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African camels could hold a key to controlling the spread of the MERS virus


Taking a blood sample from a came (photo credit: Eric Fèvre).

‘African camels could hold important clues to controlling the potential spread of a respiratory disease transmitted by the animals.

‘For many years African camels have lived with the disease and the risk of it spreading to humans is still low. But more research is necessary to understand the disease better. This is even more important given the confirmation that the chains of transmission of the human Middle East Respiratory Syndrome Coronavirus (MERS-CoV) infection originated from contact with camels. MERS was first recognised in 2012.

Camels are an extremely important source of livelihood, nutrition and income in Africa. They are especially common in arid and semi-arid areas of the continent, particularly in East Africa. But having these animals around may not be risk-free for humans.

‘However, there have been no human cases of MERS diagnosed in Africa. This could be because of limited clinical or epidemiological surveillance for the virus where infections have gone unrecognised. It could also be because there is simply no zoonotic, human-infective virus circulating in sub-Saharan Africa, or indeed because risk factors for transmission differ in the two regions. . . .

‘The disease usually affects patients who are in some way immune-compromised or suffering from other conditions like diabetes, lung and liver disease.

Livestock dependent people in the Horn of Africa region who suffer from malnutrition are potentially at risk of contracting the disease. The case fatality rate of MERS is high, at around 37%. Outbreaks in other parts of the world like South Korea have been linked to individuals originally acquiring infections from chains of transmission originating in the Middle East and travelling.

‘In October, the Centre for Pastoral Areas and Livestock Development at the Intergovernmental Authority on Development and the UN Food and Agriculture Organisation co-hosted a scientific and policy meeting to discuss the MERS virus. The aim was to improve the understanding of this pathogen and its implications to the Horn of Africa region.

The meeting was prompted by the likely role of the dromedary camel as a reservoir of infection for MERS-CoV, and the high density of and trade importance of camels in the Horn of Africa region. The region supports more than 60% of the world’s population of single humped camels.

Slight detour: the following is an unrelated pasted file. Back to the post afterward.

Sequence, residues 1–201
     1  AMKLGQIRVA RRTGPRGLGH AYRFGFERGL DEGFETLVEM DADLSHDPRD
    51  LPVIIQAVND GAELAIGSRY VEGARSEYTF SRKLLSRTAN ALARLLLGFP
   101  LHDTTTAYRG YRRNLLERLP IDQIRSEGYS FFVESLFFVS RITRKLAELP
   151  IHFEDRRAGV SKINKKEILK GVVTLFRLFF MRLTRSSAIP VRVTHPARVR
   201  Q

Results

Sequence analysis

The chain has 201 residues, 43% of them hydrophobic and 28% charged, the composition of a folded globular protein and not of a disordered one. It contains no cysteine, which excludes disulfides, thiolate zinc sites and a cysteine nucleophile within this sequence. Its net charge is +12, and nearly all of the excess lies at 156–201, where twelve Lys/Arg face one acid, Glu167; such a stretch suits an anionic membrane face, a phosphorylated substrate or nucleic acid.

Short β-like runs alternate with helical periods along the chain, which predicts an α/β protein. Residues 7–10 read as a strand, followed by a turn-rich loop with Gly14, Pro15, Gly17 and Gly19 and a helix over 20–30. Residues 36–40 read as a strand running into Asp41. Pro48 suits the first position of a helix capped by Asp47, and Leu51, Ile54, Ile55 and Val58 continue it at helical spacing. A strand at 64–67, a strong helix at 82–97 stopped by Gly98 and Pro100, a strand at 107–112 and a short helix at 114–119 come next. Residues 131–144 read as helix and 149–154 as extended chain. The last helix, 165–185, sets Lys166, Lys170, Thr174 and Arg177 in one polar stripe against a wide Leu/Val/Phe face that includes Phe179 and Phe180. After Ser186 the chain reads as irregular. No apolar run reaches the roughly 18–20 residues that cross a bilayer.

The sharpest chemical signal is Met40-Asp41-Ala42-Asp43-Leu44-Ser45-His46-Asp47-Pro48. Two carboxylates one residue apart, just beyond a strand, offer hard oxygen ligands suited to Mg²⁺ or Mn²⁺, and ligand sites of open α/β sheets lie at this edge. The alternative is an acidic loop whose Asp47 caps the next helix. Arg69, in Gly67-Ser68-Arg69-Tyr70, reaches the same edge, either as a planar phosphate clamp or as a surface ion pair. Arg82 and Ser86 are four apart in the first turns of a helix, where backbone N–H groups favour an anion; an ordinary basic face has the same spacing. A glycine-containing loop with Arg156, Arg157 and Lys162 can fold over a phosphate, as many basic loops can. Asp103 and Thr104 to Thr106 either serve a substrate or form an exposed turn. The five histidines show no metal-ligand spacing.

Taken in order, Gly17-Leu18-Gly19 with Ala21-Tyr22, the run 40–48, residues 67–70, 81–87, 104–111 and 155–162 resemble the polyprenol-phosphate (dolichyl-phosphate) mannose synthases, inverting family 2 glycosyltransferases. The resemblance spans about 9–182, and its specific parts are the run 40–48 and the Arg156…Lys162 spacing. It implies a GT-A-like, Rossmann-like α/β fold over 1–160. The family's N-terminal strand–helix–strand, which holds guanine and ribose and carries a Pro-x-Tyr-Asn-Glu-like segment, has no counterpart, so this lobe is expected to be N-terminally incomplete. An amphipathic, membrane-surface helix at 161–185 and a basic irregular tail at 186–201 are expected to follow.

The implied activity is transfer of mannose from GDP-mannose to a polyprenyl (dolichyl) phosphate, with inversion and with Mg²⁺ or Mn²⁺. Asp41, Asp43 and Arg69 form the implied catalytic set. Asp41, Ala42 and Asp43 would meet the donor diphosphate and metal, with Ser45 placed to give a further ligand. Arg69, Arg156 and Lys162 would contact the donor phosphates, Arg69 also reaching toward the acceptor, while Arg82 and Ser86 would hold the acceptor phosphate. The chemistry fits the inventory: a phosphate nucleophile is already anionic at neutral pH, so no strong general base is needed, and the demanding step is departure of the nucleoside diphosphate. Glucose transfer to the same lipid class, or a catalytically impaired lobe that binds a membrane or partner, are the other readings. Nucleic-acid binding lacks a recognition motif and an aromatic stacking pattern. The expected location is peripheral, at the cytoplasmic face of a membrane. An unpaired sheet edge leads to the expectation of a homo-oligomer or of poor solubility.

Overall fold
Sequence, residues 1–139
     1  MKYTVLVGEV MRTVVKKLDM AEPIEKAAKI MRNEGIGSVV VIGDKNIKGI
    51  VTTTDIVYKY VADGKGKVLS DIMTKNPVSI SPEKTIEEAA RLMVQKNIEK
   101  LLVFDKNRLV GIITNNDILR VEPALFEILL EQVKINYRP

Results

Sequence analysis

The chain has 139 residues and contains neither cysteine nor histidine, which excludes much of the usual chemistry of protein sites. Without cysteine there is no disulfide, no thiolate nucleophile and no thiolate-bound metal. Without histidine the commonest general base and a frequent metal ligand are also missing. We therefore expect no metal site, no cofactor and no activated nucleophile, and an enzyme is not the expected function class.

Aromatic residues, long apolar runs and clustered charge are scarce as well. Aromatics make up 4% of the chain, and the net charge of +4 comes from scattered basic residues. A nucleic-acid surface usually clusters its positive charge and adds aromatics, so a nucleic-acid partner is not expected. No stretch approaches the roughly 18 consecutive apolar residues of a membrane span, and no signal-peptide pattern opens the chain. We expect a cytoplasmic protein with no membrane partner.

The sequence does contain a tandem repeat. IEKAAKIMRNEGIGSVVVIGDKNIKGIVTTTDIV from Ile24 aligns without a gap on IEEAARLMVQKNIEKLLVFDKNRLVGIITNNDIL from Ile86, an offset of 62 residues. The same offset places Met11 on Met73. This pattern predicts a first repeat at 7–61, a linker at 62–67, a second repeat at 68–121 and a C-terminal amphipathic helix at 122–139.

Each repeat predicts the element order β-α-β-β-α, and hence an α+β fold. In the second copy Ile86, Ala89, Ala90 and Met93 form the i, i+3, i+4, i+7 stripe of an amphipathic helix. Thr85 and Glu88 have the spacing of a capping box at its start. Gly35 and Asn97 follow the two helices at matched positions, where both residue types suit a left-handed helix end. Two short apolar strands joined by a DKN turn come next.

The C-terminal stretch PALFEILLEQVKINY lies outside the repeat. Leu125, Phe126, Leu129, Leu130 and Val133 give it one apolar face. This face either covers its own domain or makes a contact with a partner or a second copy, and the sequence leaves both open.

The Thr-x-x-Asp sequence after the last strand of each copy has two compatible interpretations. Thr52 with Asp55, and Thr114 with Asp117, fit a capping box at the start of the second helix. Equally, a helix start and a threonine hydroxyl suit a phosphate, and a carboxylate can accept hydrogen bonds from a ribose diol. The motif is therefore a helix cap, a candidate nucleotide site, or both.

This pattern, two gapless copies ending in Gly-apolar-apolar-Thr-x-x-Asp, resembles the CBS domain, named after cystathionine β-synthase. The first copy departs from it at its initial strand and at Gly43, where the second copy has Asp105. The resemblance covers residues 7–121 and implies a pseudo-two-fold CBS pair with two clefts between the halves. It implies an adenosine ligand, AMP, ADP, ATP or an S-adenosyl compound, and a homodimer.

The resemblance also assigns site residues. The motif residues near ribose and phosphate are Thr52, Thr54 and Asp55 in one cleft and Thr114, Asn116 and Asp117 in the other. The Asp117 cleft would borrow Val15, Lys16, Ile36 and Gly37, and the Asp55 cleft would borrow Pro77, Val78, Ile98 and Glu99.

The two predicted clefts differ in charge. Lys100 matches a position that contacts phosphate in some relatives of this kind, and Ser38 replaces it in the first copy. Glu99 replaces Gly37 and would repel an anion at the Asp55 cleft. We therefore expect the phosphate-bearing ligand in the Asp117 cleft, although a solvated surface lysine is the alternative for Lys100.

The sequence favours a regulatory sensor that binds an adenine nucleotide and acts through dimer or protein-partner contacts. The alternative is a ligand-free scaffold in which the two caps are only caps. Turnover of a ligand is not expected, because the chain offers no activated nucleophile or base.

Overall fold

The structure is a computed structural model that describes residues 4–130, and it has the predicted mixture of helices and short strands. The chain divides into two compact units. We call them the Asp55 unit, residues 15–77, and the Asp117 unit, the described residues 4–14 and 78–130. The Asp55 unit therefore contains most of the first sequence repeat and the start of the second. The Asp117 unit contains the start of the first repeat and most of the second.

‘Studies in Kenya and elsewhere show that, despite its recent identification as a human pathogen, MERS has been circulating for many years over wide geographical areas. Camel sera collected as far back as 1983 shows high rates of seroconversion to the virus. This means that the animals have been infected, probably by a transient respiratory disease, and recovered. . . .

‘A crucial question in understanding the disease is establishing what the human risk is when the virus circulates so freely in the reservoir host. It is vital to learn whether dromedary camels in Africa harbour the same MERS-CoV as detected in the Arabian Peninsula. If so, or if not, is the epidemiology of the virus similar? . . .

Mapping trade routes and understanding the population structure of African camels better with their population density will also be key foresight information should large scale disease control interventions ever be necessary.

‘. . .This gives the livestock and health communities the opportunity to study and better understand this virus, ideally working on a joint agenda that shares knowledge. An example of this is the One Health philosophy between sectors that benefits all.’

Read the whole article by Eric Fèvre and Joerg Jores in The Conversation: Studying African camels is key to learning more about the MERS virus, 19 Oct 2015.

Eric Fèvre is a joint appointee at the University of Liverpool, where he is professor of veterinary infectious diseases, and the International Livestock Research Institute (ILRI), where he manages several field-oriented research projects on neglected zoonoses on behalf of the CGIAR Research Program on Agriculture for Nutrition and Health. Joerg Jores leads research at ILRI on vaccines and related work for contagious bovine pleuropneumonia (CBPP) and Middle East respiratory syndrome (MERS).

Read other articles about ILRI research on MERS:
UK chief scientific adviser visits Kenya: Part 4—Development of a field-friendly diagnostic test for MERS, 24 Jul 2015
New studies on MERS coronavirus and camels in eastern Africa published, 28 Aug 2014

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